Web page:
General Motors Sues San Francisco

Photo Credit: Tanya Gazdik/MediaPost

General Motors was dealt a huge PR blow in October when one of its automated Cruise taxis ran over a pedestrian in San Francisco, which prompted the state to suspend licensing for Cruise.

Today, the automaker is looking for some monetary relief via an unrelated lawsuit against the city, seeking $121 million.

GM alleges that San Francisco unfairly imposed $108 million in taxes as well as $13 million in penalties and interest on the company between 2016 and 2022.

“The Detroit-based automaker argues that the assessment was wrong, given its limited presence in terms of sales and personnel within the city,” according to the San Francisco Chronicle.



The lawsuit states that its “core automotive business does not employ anyone in the city, has no plants or other physical locations in the city, has no dealerships in the city, and sells only a de minimis amount of retail goods (approximately $677,000 in 2022) in the city.”

While the suit is unrelated to the situation involving the taxis, San Francisco is unlikely to be GM’s favorite U.S. city at the moment, according to Barron’s. 

Cruise’s license to operate self-driving cars in the city was suspended in  after a hit-and-run victim ended up under a Cruise taxi and was dragged several feet before the vehicle stopped, Barron’s previously reported. Cruise has since suspended all operations nationwide amid an investigation and an independent safety review.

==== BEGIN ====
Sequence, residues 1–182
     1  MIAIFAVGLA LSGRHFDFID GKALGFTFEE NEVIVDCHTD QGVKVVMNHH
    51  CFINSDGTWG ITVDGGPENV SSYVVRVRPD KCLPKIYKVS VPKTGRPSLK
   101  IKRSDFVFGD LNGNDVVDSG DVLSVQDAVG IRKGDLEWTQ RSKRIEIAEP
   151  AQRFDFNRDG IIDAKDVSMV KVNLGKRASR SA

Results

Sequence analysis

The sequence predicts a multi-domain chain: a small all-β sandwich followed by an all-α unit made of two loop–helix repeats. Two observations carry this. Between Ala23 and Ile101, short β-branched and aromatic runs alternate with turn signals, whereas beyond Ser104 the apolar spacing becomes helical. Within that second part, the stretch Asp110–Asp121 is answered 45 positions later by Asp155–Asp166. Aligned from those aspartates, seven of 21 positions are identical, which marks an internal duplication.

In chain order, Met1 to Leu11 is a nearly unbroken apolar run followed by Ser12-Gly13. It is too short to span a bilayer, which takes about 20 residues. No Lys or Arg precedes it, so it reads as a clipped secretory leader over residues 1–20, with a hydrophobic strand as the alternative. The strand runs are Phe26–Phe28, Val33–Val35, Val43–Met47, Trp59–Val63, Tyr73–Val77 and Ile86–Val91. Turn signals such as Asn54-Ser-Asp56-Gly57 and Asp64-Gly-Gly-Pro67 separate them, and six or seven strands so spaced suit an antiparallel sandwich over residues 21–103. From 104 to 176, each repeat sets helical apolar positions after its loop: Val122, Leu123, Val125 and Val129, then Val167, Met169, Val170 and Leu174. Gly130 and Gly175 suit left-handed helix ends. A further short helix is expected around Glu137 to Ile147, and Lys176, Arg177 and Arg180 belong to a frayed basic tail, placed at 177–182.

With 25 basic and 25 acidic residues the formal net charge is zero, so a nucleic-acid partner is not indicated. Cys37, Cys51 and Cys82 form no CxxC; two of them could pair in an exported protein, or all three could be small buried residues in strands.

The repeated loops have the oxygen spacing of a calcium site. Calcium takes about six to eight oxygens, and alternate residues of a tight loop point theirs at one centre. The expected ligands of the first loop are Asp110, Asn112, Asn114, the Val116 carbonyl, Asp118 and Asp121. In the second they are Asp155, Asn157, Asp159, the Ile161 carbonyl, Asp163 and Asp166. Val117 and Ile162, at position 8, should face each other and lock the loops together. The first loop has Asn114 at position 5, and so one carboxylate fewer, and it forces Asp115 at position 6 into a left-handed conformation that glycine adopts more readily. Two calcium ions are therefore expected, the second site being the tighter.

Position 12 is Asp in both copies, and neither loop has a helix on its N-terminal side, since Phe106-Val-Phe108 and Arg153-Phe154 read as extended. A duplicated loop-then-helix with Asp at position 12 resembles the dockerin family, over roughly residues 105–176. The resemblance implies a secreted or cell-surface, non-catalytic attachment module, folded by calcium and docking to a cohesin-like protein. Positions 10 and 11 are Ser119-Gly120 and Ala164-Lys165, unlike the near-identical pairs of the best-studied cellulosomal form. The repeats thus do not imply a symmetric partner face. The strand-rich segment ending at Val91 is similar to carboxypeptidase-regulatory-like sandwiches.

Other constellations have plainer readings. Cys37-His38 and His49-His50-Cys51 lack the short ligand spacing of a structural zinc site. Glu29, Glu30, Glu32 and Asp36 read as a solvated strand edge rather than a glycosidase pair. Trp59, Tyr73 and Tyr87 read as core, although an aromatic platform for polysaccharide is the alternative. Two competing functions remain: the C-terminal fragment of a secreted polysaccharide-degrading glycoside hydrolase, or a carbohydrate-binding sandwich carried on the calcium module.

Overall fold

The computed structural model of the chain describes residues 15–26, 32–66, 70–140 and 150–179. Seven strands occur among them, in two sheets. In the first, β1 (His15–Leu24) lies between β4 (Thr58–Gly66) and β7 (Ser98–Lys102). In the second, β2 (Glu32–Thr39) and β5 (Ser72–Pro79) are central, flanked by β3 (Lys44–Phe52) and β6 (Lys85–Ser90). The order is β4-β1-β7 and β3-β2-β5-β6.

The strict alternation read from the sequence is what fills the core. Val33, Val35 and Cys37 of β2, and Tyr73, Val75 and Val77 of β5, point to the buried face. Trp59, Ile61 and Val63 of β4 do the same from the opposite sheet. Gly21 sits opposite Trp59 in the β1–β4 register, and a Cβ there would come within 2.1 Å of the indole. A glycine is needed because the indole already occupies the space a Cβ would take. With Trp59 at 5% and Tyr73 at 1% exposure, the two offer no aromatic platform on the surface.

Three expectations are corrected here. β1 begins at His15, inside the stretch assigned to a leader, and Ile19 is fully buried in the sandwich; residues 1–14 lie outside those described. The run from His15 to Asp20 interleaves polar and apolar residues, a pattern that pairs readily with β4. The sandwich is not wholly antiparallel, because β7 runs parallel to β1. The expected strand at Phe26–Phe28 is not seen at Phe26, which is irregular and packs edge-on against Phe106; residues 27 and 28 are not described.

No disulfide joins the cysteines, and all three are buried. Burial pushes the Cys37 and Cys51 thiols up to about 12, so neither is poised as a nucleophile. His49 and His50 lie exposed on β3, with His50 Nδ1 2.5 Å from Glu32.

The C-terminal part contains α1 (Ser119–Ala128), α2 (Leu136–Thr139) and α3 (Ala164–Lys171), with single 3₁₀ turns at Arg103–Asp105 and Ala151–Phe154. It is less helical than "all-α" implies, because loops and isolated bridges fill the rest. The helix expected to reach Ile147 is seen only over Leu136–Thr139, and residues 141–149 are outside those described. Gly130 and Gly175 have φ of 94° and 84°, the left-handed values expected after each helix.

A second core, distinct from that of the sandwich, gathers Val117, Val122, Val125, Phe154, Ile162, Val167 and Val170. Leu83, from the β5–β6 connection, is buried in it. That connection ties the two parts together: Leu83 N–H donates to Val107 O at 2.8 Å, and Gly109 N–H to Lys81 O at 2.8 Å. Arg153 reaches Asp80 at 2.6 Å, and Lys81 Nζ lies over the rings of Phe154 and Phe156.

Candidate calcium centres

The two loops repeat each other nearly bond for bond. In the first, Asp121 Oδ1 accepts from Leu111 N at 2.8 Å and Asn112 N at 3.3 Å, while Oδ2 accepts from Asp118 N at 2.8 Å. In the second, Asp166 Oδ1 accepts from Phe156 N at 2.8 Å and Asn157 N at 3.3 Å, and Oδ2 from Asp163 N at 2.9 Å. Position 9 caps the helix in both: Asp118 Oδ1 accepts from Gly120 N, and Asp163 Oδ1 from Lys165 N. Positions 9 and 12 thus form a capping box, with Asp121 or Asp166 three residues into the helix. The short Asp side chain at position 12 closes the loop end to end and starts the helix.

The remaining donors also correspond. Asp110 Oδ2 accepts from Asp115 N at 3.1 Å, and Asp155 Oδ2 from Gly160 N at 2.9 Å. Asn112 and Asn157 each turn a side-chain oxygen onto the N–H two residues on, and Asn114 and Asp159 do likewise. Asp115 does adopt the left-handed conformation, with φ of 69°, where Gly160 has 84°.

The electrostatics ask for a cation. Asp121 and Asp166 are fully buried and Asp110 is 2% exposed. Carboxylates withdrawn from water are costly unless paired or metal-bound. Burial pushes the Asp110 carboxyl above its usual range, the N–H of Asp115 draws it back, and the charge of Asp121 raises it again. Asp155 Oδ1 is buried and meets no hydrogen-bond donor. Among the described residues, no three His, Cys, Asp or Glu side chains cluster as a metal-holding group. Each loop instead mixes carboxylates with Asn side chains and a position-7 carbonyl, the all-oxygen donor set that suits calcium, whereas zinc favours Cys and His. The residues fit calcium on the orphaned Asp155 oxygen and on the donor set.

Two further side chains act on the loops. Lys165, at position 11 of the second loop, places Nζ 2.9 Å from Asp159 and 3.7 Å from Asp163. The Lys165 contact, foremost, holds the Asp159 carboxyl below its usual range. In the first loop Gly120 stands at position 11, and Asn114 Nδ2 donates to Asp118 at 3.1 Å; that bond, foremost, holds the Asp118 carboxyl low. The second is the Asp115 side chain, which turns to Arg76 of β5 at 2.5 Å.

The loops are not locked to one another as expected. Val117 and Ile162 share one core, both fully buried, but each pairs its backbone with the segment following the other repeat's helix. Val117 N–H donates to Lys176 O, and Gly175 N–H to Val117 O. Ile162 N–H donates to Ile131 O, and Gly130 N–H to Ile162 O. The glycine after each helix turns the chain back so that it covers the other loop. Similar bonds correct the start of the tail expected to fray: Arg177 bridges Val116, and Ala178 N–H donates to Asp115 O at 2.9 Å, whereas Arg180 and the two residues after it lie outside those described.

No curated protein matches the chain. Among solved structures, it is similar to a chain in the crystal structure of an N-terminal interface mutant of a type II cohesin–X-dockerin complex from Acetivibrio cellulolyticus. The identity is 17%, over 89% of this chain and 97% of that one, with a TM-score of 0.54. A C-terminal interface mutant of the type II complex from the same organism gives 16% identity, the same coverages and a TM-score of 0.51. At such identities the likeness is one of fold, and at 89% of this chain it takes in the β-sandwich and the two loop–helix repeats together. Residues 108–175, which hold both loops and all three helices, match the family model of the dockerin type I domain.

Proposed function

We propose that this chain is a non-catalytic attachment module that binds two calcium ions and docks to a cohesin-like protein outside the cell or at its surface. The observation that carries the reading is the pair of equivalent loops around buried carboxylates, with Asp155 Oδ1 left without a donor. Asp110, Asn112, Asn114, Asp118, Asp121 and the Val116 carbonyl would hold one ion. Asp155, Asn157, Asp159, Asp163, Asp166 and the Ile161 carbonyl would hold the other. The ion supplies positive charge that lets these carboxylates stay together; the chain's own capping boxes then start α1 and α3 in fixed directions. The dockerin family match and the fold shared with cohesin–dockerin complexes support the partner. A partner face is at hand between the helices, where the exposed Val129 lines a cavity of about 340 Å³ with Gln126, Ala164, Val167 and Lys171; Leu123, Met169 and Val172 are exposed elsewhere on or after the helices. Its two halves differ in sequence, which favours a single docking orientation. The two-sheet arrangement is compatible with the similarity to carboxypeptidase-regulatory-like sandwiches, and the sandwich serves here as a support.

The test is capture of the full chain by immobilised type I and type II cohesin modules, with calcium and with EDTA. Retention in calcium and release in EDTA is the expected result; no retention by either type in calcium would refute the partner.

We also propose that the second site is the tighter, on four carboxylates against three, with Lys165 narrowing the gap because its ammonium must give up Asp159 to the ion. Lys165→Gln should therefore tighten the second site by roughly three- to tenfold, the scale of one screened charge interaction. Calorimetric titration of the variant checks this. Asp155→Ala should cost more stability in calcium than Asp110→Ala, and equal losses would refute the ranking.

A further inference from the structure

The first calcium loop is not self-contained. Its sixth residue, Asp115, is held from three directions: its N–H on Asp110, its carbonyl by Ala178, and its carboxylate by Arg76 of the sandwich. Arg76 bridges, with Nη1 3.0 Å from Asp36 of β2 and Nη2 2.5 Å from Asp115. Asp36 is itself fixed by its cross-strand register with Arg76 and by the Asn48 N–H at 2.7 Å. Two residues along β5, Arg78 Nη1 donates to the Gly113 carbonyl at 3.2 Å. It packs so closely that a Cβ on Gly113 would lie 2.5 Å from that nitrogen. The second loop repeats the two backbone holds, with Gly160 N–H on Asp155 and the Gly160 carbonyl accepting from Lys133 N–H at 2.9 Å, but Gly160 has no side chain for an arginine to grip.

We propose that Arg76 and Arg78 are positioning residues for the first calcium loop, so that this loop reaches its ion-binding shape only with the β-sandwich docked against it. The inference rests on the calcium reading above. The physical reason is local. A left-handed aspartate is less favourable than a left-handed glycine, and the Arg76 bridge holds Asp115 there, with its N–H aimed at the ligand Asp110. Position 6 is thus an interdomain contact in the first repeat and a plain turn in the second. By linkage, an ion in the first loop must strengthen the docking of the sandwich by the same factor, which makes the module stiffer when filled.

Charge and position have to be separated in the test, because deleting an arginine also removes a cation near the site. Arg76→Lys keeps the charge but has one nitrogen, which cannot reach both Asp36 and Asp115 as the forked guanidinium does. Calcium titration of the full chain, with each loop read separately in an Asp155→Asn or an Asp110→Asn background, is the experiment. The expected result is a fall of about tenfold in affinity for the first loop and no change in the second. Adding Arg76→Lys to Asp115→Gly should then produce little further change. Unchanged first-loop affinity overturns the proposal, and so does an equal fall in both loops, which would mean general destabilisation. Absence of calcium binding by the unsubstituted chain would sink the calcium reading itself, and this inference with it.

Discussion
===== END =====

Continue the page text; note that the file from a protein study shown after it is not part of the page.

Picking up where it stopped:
The automaker said San Francisco-based Cruise is operated separately from GM, generates only a minimal amount of sales and should not be used to calculate GM’s liabilities in the city where the parent company has a limited presence.

“The Cruise unit at issue is contracting after an October accident in San Francisco that caused a furor in the city and caught the attention of regulators,” per Reuters. “The incident has caused Cruise to pull its U.S. cars off roads, undergo a safety review and cut nearly a quarter of its staff nationwide.”

The timing is interesting.  The complaint was filed last week in state court in San Francisco. GM did not state why it waited until now to challenge the assessment, which it previously paid.

"Cruise's technology and autonomous vehicle rideshare with goods delivery business is fundamentally different from GM's business," which is making and selling cars, said the company in the lawsuit, according to The San Francisco Standard.

Using Cruise’s payroll to calculate GM’s liabilities resulted in a tax bill based on gross receipts that were “tens of thousands of times greater than if Cruise’s payroll were not included in GM’s payroll factor,” argued the complaint, which was first reported by Bloomberg.

“GM said in the lawsuit that under California law, taxes must ‘fairly reflect’ the proportion of business operations that go on in a city, and that it was ‘inherently distortive’ to charge the company steep tax based on Cruise's payroll when many of its employees worked remotely,” per The San Francisco Standard. “When GM first invested in Cruise in 2016, the startup had approximately 40 employees. By the end of 2022, Cruise employed more than 3,000 people in the city, about 65% of whom were engineers.”

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